Back pain after breast augmentation
- Back pain after breast augmentation
- My breast augmentation surgery experience | size, pain
- ‘i had horrific symptoms after breast implants’ – bbc news
- Understanding and treating nerve pain after breast surgery
- I got a breast augmentation | pain, cost, & size +
- Surgeon: “breast implant illness a mystery”
- 1 week post op | breast augmentation recovery
My breast augmentation surgery experience | size, pain
Breast augmentation is a highly common treatment with extremely high patient satisfaction. Even though the majority of breast augmentation patients are fully satisfied with their outcomes and have no regrets, many patients wonder if things will really work out as they expect during the recovery period.
It may be difficult to tell what is a natural part of the healing process and what could mean a problem after breast augmentation. To assist you, we’ve mentioned a few of the most common side effects that patients encounter after breast augmentation. Before you begin reading, remember to contact your doctor if you find or experience something that worries you—no there’s substitute for an in-person evaluation of any concerns.
Muscle, breast tissue, and skin take time to adapt to your implants; you should expect to feel (possibly intense) tightness in the chest region until these tissues have healed sufficiently, particularly if your implants are inserted beneath the muscle. Normal postoperative swelling, which peaks 3 to 5 days after surgery, will exacerbate chest pressure symptoms. Some women claim their breasts are engorged as well (tender, heavy and inflamed).
‘i had horrific symptoms after breast implants’ – bbc news
Understanding and treating nerve pain after breast surgery
I recently had a BA with Dr. Zion Chan and am two weeks post-op with a lot of back pain; has anyone else had this problem?
I got a breast augmentation | pain, cost, & size +
It’s strange because it’s my back that hurts the most! The operation went well, and my new assets look fantastic; I went for 345cc, which isn’t big, but it’s a decent c-d size. I anticipated some pain, but I didn’t anticipate my back acting up so badly; any suggestions would be greatly appreciated.
By the way, if anyone is considering Dr. Chan, I have had nothing but positive experiences with him and his team so far. He comes highly recommended from me. If you are considering him as your physician, I would be happy to answer any questions you might have.
Yeah, I’ve had this experience. The suffering was intolerable! All I can tell is that the back pain took me months to heal from. I believe it is because your back is not used to bearing the additional weight. I tried a lot of drugs and massages, but nothing worked for me, and it took me a few months to recover from the pain… but you could recover quicker, so don’t give up. Take it easy and try and be as relaxed as possible; if you’re in a lot of pain, take painkillers and avoid strenuous activities.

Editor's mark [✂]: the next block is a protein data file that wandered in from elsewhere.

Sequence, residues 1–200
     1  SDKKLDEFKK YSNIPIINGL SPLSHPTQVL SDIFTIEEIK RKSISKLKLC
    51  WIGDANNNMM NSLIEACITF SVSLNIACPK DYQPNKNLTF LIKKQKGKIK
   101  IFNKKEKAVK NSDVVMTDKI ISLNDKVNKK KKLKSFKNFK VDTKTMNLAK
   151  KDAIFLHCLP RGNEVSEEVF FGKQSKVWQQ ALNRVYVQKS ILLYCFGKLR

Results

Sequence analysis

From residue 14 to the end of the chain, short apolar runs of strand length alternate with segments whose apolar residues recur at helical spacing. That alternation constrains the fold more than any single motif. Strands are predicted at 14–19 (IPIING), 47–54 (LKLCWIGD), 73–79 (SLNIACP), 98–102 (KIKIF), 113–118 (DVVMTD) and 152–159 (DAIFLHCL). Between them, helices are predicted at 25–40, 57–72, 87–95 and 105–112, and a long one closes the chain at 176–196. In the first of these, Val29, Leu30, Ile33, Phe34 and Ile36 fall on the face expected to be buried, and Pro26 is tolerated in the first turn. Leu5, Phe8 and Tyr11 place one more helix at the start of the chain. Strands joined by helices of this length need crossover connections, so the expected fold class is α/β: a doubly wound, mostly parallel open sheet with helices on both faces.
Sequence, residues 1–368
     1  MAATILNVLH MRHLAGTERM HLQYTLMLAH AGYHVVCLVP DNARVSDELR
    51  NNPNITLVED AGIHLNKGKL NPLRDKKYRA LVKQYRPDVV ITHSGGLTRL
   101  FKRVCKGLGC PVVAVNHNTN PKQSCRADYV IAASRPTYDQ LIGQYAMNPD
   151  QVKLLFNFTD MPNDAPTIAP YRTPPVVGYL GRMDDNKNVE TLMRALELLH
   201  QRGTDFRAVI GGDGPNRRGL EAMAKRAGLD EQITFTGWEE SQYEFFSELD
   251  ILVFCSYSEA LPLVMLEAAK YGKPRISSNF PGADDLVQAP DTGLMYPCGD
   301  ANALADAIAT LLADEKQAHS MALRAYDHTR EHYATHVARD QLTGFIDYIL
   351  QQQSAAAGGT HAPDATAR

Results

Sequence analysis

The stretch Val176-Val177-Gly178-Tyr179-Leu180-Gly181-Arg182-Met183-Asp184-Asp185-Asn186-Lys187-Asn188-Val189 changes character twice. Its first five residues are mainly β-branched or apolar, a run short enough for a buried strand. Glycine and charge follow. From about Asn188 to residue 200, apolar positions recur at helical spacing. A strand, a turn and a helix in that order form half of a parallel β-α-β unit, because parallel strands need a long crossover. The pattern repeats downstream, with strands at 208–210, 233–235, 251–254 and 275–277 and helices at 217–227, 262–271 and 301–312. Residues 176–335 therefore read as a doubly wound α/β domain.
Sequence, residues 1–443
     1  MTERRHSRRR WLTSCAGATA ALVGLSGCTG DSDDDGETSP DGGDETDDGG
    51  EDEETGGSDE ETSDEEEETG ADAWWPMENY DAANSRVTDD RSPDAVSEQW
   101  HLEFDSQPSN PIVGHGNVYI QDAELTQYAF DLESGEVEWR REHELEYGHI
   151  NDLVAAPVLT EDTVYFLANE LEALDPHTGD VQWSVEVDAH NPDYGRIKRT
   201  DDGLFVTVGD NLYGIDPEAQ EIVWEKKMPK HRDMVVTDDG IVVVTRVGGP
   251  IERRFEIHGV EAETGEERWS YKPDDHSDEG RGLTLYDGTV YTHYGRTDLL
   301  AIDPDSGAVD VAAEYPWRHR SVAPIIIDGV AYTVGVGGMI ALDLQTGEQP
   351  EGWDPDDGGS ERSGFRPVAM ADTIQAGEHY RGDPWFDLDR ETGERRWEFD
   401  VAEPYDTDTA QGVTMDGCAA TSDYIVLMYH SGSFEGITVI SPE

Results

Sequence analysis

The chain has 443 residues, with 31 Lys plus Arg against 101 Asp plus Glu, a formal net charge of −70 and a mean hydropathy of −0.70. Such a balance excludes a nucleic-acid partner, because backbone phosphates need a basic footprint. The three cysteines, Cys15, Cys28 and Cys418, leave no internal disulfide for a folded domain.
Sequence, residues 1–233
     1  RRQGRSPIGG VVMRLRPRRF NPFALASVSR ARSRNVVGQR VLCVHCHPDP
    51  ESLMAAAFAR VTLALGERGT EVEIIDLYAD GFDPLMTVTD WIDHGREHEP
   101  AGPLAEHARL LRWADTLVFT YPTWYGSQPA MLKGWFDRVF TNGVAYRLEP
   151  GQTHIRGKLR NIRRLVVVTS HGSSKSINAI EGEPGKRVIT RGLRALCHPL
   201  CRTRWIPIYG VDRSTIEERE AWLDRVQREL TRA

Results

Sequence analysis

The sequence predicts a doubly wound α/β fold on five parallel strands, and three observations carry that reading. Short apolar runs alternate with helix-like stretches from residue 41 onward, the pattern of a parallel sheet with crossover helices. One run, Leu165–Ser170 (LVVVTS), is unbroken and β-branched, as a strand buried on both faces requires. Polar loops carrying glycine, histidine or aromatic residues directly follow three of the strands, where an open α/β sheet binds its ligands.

Surgeon: “breast implant illness a mystery”
The pain associated with breast implant rehabilitation is normally “manageable” with the appropriate pain control care. The vast majority of medications, especially those used to manage post-operative pain, are required for the first 2-3 days.
Some plastic surgery specialists, however, tend to use pain injections (such as Exparel) at the very end of the procedure. Without the “inconvenience” of transporting pain pumps, pain killers that can last up to 14 hours are directly injected into the implant pocket.
Most patients are off their strong pain medications, particularly opioids, 3-7 days after surgery. Because their extended use has been related to constipation, lethargy, and even longer recovery periods, these medications should be discontinued until postoperative pain becomes more “manageable” or tolerable.
Instead of physical discomfort, some patients complain about tightness and cramping, which may affect not only the breast region but also the shoulders, neck, and back. Muscle relaxants like Valium can help with these effects, but they should not be taken along with painkillers—at least one hour apart—to prevent lethargy and drowsiness.
1 week post op | breast augmentation recovery
Rest is vital for every operation, but how you sleep is also important for certain surgeries. When women come to my practice in Chandler, Gilbert, and Scottsdale, AZ for breast augmentation, they often express worries about sleeping after the procedure. In this article, I’ll discuss how to sleep comfortably and safely after your procedure.
Sleep is vital for a good immune system and fast recovery. Your body needs to work hard to recover from surgery, which is why you’ll probably feel exhausted in the days after your breast augmentation. When we sleep, however, the body is still, allowing further blood flow to be directed to injured muscles and tissues, allowing oxygen and nutrients to be delivered to aid recovery.
In addition, sleep can affect how we respond to pain. Having more sleep, according to this WebMD post, will help you feel less pain. You should aim to get at least 8 hours of sleep a night, and more if your body is healing.